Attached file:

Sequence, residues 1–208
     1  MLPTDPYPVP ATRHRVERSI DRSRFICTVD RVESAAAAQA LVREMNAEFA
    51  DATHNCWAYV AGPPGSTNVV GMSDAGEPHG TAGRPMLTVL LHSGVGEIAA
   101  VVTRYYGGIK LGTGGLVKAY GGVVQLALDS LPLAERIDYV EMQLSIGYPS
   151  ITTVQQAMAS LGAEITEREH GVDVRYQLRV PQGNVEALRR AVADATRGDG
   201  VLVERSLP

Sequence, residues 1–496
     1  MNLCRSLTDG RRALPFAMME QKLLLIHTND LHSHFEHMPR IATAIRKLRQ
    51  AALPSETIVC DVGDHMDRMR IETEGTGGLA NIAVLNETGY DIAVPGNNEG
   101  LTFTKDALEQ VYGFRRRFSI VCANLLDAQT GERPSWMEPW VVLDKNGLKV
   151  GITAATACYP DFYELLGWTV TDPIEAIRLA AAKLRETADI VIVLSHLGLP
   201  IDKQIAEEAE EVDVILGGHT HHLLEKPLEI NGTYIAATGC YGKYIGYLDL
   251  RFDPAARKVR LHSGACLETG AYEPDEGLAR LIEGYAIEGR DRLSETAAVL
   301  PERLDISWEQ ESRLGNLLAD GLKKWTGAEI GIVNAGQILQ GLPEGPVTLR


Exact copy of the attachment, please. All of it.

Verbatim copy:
Sequence, residues 1–208
     1  MLPTDPYPVP ATRHRVERSI DRSRFICTVD RVESAAAAQA LVREMNAEFA
    51  DATHNCWAYV AGPPGSTNVV GMSDAGEPHG TAGRPMLTVL LHSGVGEIAA
   101  VVTRYYGGIK LGTGGLVKAY GGVVQLALDS LPLAERIDYV EMQLSIGYPS
   151  ITTVQQAMAS LGAEITEREH GVDVRYQLRV PQGNVEALRR AVADATRGDG
   201  VLVERSLP

Sequence, residues 1–496
     1  MNLCRSLTDG RRALPFAMME QKLLLIHTND LHSHFEHMPR IATAIRKLRQ
    51  AALPSETIVC DVGDHMDRMR IETEGTGGLA NIAVLNETGY DIAVPGNNEG
   101  LTFTKDALEQ VYGFRRRFSI VCANLLDAQT GERPSWMEPW VVLDKNGLKV
   151  GITAATACYP DFYELLGWTV TDPIEAIRLA AAKLRETADI VIVLSHLGLP
   201  IDKQIAEEAE EVDVILGGHT HHLLEKPLEI NGTYIAATGC YGKYIGYLDL
   251  RFDPAARKVR LHSGACLETG AYEPDEGLAR LIEGYAIEGR DRLSETAAVL
   301  PERLDISWEQ ESRLGNLLAD GLKKWTGAEI GIVNAGQILQ GLPEGPVTLR